BP’s profit nearly tripled in the first quarter of 2017 from a year earlier, buoyed by rising oil prices and production that hit a five-year high, while debt piled up in order to pay for acquisitions and costs for the 2010 Gulf of Mexico spill.
The British oil and gas company joined oil major rivals including Exxon Mobil, Chevron and Total in posting stronger-than-expected quarterly earnings, mostly thanks to higher oil and gas prices.
Oil prices rose by 50 percent in the past year to around $54 a barrel in the first quarter.
BP expects prices to average between $50 and $55 a barrel in 2017, heading to the higher end of the range if OPEC and major producing countries extend production cuts into the second half of the year, Chief Financial Officer Brian Gilvary told Reuters.
The results could assuage some concerns among investors, who were jolted when BP in February raised the oil price at which it could balance its books this year to $60 a barrel after a string of investments that pushed up borrowing.
Three years since the oil prices slumped from above $100 a barrel and after BP slashed costs with lay-offs and project delays, investors want to see cash generation to cover spending and dividend payouts, while reducing ballooning debt.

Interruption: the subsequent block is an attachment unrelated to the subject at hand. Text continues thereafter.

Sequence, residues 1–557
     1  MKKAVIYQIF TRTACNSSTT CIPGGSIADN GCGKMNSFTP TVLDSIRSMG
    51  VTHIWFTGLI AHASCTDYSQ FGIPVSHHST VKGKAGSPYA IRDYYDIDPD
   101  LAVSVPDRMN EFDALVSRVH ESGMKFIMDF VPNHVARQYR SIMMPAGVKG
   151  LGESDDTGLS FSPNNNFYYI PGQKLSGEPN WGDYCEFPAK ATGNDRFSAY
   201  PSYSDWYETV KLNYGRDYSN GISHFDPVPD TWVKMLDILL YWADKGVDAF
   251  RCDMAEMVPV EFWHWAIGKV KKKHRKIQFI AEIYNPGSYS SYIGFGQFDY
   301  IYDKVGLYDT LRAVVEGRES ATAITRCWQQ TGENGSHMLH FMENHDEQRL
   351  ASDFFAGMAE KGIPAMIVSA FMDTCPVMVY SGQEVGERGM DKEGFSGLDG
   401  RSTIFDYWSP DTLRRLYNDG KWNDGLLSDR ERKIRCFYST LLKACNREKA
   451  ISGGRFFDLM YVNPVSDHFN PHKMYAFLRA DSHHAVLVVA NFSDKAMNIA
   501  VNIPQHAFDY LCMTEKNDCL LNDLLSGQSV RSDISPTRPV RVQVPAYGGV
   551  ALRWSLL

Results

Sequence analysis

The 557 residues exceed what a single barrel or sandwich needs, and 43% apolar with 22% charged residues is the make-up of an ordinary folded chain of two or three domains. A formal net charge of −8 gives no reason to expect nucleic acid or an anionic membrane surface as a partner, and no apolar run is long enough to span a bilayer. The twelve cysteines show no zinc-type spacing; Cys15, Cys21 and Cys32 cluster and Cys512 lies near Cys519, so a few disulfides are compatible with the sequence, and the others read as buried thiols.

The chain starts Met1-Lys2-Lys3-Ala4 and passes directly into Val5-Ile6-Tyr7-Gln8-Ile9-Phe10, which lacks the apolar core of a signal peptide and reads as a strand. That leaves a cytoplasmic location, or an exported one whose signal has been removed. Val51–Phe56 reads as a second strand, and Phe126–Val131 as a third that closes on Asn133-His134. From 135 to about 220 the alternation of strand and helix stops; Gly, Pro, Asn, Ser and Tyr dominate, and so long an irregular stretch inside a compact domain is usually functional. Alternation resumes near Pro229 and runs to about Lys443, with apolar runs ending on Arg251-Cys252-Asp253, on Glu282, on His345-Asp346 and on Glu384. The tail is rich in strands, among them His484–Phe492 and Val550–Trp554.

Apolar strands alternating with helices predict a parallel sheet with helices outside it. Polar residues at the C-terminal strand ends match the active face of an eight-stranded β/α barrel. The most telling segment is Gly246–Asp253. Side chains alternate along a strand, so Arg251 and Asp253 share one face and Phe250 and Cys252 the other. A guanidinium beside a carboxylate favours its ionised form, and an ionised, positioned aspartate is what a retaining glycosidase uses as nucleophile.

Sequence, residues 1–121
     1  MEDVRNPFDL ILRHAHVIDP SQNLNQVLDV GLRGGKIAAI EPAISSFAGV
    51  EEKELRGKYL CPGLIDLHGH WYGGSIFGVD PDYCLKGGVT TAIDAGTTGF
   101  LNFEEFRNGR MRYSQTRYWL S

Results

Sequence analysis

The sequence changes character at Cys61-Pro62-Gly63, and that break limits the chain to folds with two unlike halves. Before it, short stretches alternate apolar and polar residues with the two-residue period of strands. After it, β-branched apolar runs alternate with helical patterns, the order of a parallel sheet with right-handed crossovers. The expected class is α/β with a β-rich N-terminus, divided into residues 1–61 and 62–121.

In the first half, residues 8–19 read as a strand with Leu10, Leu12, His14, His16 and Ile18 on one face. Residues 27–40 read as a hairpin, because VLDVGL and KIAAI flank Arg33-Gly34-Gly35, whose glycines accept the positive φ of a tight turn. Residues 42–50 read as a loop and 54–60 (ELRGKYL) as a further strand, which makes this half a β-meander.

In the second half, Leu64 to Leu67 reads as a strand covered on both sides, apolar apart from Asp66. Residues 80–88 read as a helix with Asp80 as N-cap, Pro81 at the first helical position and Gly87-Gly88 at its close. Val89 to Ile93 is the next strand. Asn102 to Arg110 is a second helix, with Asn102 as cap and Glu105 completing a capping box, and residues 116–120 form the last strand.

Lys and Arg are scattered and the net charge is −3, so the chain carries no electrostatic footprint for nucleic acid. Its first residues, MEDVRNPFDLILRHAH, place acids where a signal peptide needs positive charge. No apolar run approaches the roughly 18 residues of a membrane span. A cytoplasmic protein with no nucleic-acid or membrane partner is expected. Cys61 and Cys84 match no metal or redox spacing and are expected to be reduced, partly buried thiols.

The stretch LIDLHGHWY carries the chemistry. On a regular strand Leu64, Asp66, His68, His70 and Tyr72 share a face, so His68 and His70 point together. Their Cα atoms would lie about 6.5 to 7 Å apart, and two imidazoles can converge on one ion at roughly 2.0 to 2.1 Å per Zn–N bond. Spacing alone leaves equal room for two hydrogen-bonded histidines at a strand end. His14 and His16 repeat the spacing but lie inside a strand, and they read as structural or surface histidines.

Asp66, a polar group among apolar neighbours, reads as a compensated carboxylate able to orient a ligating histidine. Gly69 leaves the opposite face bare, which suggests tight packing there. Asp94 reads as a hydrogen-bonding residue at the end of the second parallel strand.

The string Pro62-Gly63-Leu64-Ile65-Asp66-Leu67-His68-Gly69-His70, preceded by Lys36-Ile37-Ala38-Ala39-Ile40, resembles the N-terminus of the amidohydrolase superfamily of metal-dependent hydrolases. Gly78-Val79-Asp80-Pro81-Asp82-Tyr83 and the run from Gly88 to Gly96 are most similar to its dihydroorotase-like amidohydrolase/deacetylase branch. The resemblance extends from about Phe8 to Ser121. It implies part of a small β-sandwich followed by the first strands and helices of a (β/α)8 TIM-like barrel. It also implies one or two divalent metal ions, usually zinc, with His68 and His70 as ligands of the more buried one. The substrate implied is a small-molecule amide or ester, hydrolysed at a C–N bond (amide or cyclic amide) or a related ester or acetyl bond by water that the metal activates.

BP’s shares were trading 2.4 percent higher at 07:21 GMT, the biggest winner on London’s bluechip FTSE 100 index.
“The results are positive,” Cenkos Securities analysts wrote, but adding that “gearing is creeping up towards the max of the 20-30 percent target range, although divestments, including the recent $1.7 billion SECCO sale in China, should help.”
Net debt rose 9 percent in the quarter to $38.6 billion, lifting BP’s gearing of net debt to shareholders’ equity from 26 percent to 28 percent, closer to its ceiling of 30 percent.
“The debt was always going to rise in the first half of the year and the 28 percent gearing, frankly, that doesn’t cause any problems at all,” Gilvary said.
To keep oil prices buoyant, oil companies want the Organization of the Petroleum Exporting Countries, Russia
and other producers to extend their global pact to reduce production for another six months from June 30.
“If they don’t get rolled into the second half of the year we will continue to see more (price) volatility,” Gilvary said.
London-based BP is set to start up seven projects this year, including in Oman and Azerbaijan, the largest number in a single year in BP’s history. It hopes to add 800,000 barrels per day (bpd) of new production by the end of the decade.